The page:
As part of the investigation into the arson, agents also are tracking individuals who are known to have visited numerous area synagogues in recent weeks.
"We had a [recent] visit," said Kenesset Israel's president, Steve Haberfeld. "A dark-haired guy, ruddy complexion. None of us were sure what to make of it."
Two men, one in his 50s and the other around 20, also paid a call on a nearby Orthodox synagogue.
"They were asking funny questions like, 'Where are the services? When is this, where is that?'" said Rabbi Yosef Langer, leader of Chabad of S.F., discussing two mysterious visitors who showed up at a Sacramento Orthodox congregation when he was coincidentally there for Shavuot. They also asked, "So, where's the Jewish flag?"
According to FBI statistics, 78 percent of all religiously motivated hate crimes are directed at Jews or Jewish institutions — 1,087 nationally in 1998. That year, 8,049 hate crimes were reported by 11,000 agencies in 48 states.
Tracy Hite, special agent for the Bureau of Alcohol, Tobacco and Firearms, said investigators have amassed an "abundance of evidence," and over the next several days will begin conducting sophisticated tests to measure, compare and contrast what would appear to the layman to be mere ash from each three sites.
"That's the beauty of fire scenes," she said. "We can tell lots of things by sifting through the debris."
Kenesset Israel's Haberfeld, who is a former overseas director for the S.F.-based Jewish Community Federation, said, "I was told they have more than enough stuff to pick up the people responsible for this."
More than 100 agents from six agencies are working on the case, including the FBI, the ATF bureau and Sacramento's police, sheriff's and fire departments as well as the American River Fire District.
Damage to the Reform B'nai Israel has been estimated at $800,000. The Reform Beth Shalom, where perpetrators broke in and set fire to the bimah, suffered $100,000 in damages. It appears the attackers tried to burn the temple down, but a sprinkler system halted the blaze from spreading. Damage to the smaller Orthodox Kenesset Israel has been set at $30,000.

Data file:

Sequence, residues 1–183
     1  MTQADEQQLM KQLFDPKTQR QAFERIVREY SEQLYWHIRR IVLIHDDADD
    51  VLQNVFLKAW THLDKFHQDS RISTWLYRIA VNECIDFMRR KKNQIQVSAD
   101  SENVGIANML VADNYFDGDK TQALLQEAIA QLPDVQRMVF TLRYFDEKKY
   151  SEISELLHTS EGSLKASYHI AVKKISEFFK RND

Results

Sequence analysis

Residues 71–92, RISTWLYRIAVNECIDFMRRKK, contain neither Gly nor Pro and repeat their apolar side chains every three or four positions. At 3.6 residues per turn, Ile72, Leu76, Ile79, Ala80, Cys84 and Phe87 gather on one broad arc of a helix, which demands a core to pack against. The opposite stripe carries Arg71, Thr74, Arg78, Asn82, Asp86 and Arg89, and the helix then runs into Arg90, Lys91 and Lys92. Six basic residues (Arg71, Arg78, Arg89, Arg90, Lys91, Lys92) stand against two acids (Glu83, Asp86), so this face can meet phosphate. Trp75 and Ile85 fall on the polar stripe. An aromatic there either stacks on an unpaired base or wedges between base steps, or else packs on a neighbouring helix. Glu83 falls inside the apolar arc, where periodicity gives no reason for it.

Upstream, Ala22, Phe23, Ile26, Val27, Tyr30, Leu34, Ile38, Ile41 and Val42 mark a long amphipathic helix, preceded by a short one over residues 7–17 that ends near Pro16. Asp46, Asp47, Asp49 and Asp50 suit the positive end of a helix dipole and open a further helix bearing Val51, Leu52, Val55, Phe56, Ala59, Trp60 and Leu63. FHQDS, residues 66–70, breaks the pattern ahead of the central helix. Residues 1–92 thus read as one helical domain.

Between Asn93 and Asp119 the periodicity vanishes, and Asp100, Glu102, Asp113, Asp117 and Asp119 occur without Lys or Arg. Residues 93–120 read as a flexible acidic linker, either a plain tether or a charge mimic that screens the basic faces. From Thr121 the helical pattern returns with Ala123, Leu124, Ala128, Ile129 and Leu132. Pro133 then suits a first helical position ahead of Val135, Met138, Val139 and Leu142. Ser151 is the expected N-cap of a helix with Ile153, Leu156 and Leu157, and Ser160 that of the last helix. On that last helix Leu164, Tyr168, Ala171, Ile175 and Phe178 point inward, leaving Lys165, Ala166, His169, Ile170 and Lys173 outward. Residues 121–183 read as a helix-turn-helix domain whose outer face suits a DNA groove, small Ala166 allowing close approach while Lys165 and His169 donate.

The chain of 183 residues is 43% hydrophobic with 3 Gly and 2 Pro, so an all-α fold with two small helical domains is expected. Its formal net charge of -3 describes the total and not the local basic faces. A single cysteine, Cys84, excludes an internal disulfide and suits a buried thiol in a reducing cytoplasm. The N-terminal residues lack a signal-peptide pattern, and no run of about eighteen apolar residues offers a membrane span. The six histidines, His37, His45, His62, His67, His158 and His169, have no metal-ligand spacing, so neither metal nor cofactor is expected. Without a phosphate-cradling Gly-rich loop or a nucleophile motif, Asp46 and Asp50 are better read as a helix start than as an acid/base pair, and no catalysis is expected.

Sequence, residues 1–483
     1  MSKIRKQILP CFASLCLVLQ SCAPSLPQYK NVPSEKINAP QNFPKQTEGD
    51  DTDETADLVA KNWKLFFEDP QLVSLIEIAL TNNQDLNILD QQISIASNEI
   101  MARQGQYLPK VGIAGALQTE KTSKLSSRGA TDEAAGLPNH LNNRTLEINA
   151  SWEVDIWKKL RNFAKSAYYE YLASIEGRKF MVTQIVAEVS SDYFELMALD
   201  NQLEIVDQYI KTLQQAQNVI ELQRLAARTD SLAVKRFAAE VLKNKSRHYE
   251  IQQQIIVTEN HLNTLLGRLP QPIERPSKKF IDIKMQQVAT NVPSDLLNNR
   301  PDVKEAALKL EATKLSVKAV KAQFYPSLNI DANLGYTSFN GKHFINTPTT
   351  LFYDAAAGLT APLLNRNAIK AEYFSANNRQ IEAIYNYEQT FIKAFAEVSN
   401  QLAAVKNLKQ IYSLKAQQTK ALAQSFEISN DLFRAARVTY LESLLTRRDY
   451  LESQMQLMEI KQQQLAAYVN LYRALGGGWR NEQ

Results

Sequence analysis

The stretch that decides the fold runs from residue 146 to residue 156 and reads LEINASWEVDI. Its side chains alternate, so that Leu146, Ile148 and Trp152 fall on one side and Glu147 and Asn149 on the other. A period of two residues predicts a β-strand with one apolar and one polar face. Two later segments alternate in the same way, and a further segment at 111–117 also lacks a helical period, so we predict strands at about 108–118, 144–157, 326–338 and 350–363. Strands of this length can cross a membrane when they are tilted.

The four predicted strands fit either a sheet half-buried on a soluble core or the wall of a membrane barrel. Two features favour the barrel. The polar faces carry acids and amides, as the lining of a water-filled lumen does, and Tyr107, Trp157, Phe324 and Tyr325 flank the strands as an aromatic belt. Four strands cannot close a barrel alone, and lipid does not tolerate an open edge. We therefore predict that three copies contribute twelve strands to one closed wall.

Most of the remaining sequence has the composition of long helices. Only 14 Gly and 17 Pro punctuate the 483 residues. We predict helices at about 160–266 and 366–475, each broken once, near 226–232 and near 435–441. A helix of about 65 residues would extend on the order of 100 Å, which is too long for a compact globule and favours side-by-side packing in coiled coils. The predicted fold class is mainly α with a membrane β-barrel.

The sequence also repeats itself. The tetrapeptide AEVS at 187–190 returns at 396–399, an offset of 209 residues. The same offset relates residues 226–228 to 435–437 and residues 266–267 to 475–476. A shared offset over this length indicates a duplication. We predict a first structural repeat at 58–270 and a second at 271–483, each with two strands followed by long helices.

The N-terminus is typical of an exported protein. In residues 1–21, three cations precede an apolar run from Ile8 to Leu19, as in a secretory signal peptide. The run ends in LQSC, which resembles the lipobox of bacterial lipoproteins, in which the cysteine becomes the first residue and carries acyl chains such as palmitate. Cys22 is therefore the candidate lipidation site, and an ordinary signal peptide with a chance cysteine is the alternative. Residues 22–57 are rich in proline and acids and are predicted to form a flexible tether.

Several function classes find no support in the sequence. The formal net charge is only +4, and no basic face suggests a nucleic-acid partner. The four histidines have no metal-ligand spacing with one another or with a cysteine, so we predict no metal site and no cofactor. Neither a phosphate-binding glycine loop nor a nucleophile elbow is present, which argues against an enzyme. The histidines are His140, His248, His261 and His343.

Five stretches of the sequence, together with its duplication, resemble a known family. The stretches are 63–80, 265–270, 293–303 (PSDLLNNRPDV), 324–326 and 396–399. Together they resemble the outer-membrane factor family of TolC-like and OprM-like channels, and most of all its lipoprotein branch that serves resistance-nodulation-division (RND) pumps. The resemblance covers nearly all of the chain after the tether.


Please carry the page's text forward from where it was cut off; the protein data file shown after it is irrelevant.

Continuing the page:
Police statistics indicate the region has long been troubled by hate crime. A report on anti-gay and lesbian violence revealed a higher rate of violent attacks here than the statewide average. And a Baptist church was also hit by arsonists more than a year ago.
Last year, an arson fire gutted two classrooms and damaged others in the area's only Jewish day school. At that time, fire safety officials said there was no evidence that pointed to a hate crime.
"There have been a number of incidents that have occurred up here against the Jewish community," said the ADL's Bernstein. "We want to get to the motive. That becomes very important later, at trial, and at sentencing."
Meanwhile, government and community organizations have circled their wagons around the synagogues. Gov. Gray Davis announced a $25,000 reward for information leading to the arrest and conviction of the perpetrators. And Andrew Cuomo, secretary of Housing and Urban Development, announced the availability of $6.8 million in guaranteed loans — the result of President Clinton's Church Arson Prevention Act of 1996.
Sacramento Mayor Joseph Serna Jr. and Assemblyman Darrell Steinberg (D-Sacramento) had announced intentions to create a local museum of tolerance, an idea developed before the fire by Rabbi Brad Bloom of B'nai Israel and modeled after Los Angeles' Simon Wiesenthal Museum of Tolerance.
Supporters say the museum could play a pivotal role in Northern California as an educational institution. It is already garnering donations, and Bloom said he is looking to the Bay Area and to its federation leaders to turn that vision into a reality.
Vice Mayor Jimmy Yee, himself the victim of a fire bombing attack in 1993 that also targeted B'nai Israel, the Japanese American Citizens League (JACL), the state Department of Fair Employment and Housing, and the Sacramento office of the NAACP, is helping to spearhead an organization, United We Stand. It includes a full roster of Sacramento city and county public officials, the Sacramento JACL, the Sacramento Buddhist Church and the Asian Peace Officers Association.
"This is not just a Jewish issue anymore," Bernstein said. "To strike one of us is to strike all of us."